Roundtable of Advanced Neuromodulation Cases

This session will present case studies on challenging neuromodulation cases with group discussion on best practices and learning points associated with each case.

Learning Objectives

Upon completion of this educational activity, participants should be able to:

  • Identify the challenges inherent in various types of neuromodulation patients.
  • Describe the multitude of ways to combat challenges as they arrive in your neuromodulation practice.
  • Recognize typical pitfalls associated with specific neuromodulation cases and the various ways to avoid them.
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Thematic Abstract Presentations

The highest-ranked abstracts have been broken up by topic and selected to present during the following concurrent sessions:

  • Next Generation Brain Devices
  • Neuromodulation of Head and Neck Structures
  • Spinal Cord Stimulation: Basic Science
  • Spinal Cord Stimulation: Clinical
  • Neuromodulation Spinal Cord Stimulation and Dorsal Root Ganglion
  • Emerging Roles for Neuromodulation
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Epilepsy Focus Group

The field of epilepsy surgery is rapidly changing, given novel technologies for neurostimulation and image-guided ablation, as well as the increased use of minimally invasive monitoring strategies. This session will help put both new and old treatment options in context, together with example cases.

Learning Objectives

Upon completion of this educational activity, participants should be able to:

  • Compare and contrast traditional diagnostic and therapeutic strategies for epilepsy (e.g., subdural grids and resection) with emerging and minimally invasive alternatives (e.g., neurostimulation, laser, and SEEG).
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3:30–5 pm Saturday, January 13

Physical Medicine and Rehabilitation Nuances

Physical medicine and rehabilitation encompasses the treatment of neurological and musculoskeletal injuries that have resulted in functional deficits as well as debilitating pain. This session will highlight several common themes faced by the physical medicine and rehabilitation (PM&R) physician.

Learning Objectives

Upon completion of this educational activity, participants should be able to:

  • Describe the pathophysiology and challenges of treating postamputation pain syndromes, including utilization of peripheral nerve stimulation temporary implants.
  • List potential therapies for poststroke shoulder pain and dysfunction, including peripheral nerve stimulation.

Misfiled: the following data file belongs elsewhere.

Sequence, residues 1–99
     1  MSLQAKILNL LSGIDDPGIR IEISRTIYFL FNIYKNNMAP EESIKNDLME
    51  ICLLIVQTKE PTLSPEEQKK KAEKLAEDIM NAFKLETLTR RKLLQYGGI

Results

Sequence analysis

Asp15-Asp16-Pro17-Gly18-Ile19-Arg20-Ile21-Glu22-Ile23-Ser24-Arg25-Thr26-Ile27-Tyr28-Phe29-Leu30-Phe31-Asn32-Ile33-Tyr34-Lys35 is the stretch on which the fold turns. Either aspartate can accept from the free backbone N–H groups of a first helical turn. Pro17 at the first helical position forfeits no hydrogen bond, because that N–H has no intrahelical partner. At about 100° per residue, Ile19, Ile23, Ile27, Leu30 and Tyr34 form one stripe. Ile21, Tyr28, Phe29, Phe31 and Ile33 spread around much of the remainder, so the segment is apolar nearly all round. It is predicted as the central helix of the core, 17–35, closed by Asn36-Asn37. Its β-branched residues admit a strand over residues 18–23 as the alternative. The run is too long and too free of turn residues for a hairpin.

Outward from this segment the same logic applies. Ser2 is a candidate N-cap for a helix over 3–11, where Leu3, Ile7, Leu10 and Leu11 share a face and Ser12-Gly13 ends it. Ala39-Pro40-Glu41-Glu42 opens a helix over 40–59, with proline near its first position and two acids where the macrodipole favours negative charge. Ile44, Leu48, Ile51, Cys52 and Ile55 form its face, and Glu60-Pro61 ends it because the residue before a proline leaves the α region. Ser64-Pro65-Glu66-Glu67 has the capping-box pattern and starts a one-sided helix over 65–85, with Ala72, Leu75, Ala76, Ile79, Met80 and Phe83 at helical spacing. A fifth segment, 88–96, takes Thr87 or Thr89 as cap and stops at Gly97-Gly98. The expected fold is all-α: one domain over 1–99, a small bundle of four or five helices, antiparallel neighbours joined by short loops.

• Develop strategies for rehabilitating the patient who has received a spinal cord stimulation device.
  • Create novel treatment possibilities for a spinal cord injury using prosthetic applications.
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3:30–5 pm Saturday, January 13

Moving Research Initiatives Forward

Advancing neuromodulation relies on interfaces between researchers, the clinician, industry, and government. This session will examine how to successfully build these multiorganizational relationships.

Learning Objectives

Upon completion of this educational activity, participants should be able to:

  • Describe the types of public-private partnership programs that are available within the National Institutes of Health.
  • Explain how some of these public-private partnership programs, as well as companies, have benefited from investigator-initiated research.
  • Identify the limitations, gaps, and future opportunities of participating in these programs.
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3:30–5 pm Saturday, January 13

Management of Axial Spinal Pain

Treatment of chronic axial spinal pain has always represented a major challenge for the field of neuromodulation. As new techniques in neuromodulation evolve, they show promise for better patient outcomes. This session will review the currently available evidence on spinal cord stimulation (SCS) and intrathecal drug therapy (IDT) for treatment of axial spinal pain.

Learning Objectives

Upon completion of this educational activity, participants should be able to:

  • Discuss the role of SCS in axial spine pain.
  • Recognize the evidence for SCS in nonsurgical spinal pain.
  • Describe the role of IDT vs. SCS for axial spinal pain.
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3:30–5 pm Saturday, January 13

NIC: Autonomic Neuromodulation

The autonomic nervous system plays an important role in the regulation of various visceral organs. This session will discuss how autonomic neuromodulation has a great potential for treating various conditions of visceral organs.

Learning Objectives

Upon completion of this educational activity, participants should be able to:

  • Discuss monitoring of cardiac neural activity and potentials of neuromodulation for heart failure.
  • Recognize potentials of neuromodulation for gastrointestinal diseases, such as inflammation and dysmotility.
  • Explain bioelectronic methods for blocking the autonomic system.
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3:30–5 pm Saturday, January 13

Advances in Pain Neuromodulation

Chronic abdominal pain, pelvic pain and axial low back pain can be very difficult to treat with conventional methods. In this section, we will explore the appropriate uses as well as advances of using neuromodulation to treat this challenging pain.

Learning Objectives

Upon completion of this educational activity, participants should be able to:

  • Discuss the rationale and targets for neuromodulation in chronic abdominal and pelvic pain.
  • Recognize the approach to manage pain with neuromodulation devices.
  • Describe current treatments and advances for hard to capture pain.
  • Identify indications for stimulation
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Faculty subject to change.